AHA Session 214
Saturday, January 5, 2019: 1:30 PM-3:00 PM
Buckingham Room (Hilton Chicago, Lobby Level)
Anthony J. La Vopa, North Carolina State University
David A. Hollinger, University of California, Berkeley
Emma Kuby, Northern Illinois University
Dorothy Ross, Johns Hopkins University
Julia Adeney Thomas, University of Notre Dame
We appear to be living in a highly anti-intellectual age. Fabricated news stories sway elections. Expert scientific opinion on climate change carries little weight with large swaths of the population. The value of higher education itself has come under scrutiny, especially when it doesn’t lead to explicit financial reward. What is the status of intellectual history in this context? Arguably, it has never been more important as a field. Intellectual historians are charged with the task of asking about the status of intellectual work in context. They ask how ideas form, gain credence, find resistance; how some come to prominence and others get marginalized. And they reflect on what constitutes an “intellectual” and “intellectual work,” often finding both in surprising places – some in the universities, some in the streets. Recognizing that the field itself is going strong, as indicated by the proliferating number of journals, books, and organizations dedicated to it, this roundtable will reflect on its status in our seemingly anti-intellectual setting. We aim to discuss how developments in the field in the last two decades have helped us to substantially expand our understanding of what constitutes “intellectual history,” what kinds of sources fill our formal and informal archives, what kinds of topics we study and what questions we pose. The roundtable itself is organized by the journal Modern Intellectual History in honor of one of its founders and now – after 15 years – its out-going coeditor, Charles Capper.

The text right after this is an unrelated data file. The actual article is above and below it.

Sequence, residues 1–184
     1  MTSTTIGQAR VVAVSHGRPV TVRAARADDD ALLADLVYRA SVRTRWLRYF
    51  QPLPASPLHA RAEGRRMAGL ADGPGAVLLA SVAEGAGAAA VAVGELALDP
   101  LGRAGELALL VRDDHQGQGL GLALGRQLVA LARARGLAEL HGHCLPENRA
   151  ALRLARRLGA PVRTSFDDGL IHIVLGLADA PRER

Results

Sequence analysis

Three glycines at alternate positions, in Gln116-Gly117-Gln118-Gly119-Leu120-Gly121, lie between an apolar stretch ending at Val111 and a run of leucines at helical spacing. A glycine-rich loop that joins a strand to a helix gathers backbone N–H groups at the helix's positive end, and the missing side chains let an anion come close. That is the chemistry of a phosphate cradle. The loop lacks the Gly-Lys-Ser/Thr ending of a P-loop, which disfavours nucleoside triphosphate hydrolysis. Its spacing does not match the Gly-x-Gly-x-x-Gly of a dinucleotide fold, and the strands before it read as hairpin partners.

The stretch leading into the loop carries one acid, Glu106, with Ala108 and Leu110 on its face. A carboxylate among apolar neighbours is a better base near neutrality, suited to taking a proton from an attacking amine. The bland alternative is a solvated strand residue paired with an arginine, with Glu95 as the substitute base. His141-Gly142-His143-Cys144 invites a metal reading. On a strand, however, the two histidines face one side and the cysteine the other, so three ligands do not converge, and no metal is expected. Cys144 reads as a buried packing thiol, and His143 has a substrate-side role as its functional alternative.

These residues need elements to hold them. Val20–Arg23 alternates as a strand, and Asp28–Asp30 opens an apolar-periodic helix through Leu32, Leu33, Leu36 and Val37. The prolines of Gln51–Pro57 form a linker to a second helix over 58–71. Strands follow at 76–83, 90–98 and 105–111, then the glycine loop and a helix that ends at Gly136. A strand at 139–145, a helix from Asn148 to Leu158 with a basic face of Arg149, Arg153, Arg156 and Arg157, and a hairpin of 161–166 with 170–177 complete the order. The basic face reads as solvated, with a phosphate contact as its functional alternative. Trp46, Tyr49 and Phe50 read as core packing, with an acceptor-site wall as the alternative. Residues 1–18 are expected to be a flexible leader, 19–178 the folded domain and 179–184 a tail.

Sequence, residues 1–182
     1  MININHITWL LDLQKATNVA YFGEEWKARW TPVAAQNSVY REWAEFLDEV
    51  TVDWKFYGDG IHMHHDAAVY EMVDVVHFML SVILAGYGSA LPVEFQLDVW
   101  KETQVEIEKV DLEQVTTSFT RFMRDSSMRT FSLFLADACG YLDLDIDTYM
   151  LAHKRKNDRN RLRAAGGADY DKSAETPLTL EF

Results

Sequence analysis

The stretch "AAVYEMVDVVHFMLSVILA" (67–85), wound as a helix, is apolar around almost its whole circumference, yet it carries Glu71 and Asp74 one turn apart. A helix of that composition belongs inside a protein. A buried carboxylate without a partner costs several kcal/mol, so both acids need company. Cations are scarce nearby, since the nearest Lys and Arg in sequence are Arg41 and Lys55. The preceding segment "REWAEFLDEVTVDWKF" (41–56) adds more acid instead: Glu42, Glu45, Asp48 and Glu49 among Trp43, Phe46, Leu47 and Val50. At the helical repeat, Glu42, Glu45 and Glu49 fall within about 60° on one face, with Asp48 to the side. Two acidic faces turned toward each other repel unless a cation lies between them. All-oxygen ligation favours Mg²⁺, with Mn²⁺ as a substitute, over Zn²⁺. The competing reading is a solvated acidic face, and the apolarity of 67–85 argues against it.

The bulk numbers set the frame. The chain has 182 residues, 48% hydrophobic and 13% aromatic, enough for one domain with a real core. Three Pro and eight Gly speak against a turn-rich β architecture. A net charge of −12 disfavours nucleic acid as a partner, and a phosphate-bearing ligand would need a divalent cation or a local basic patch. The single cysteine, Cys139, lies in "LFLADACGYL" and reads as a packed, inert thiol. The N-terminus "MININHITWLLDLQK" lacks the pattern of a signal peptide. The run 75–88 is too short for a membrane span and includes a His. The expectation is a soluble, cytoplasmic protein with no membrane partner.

In this second part of our proposed two-part roundtable, the speakers all reflect on the way that new or existing historiographical categories might be mobilized or repurposed in an anti-intellectual era. David Hollinger argues for the renewed relevance of the “national” in this moment, even as the global and the transregional narratives proliferate; while Dorothy Ross sees in the “biographical” a way to shed light on shifting intellectual landscapes. Emma Kuby historicizes the category of “responsibility” as it was attached by historians to intellectuals in the face of violence and extreme political situations, asking whether current conditions provide us alternative languages for thinking about intellectuals and their role in the world. Finally, Julia Adeney Thomas expands our horizons to ask us to think about the Anthropocene, reflecting on the diverse archives and reworked conceptual categories that are necessary to think about the planetary context of crisis.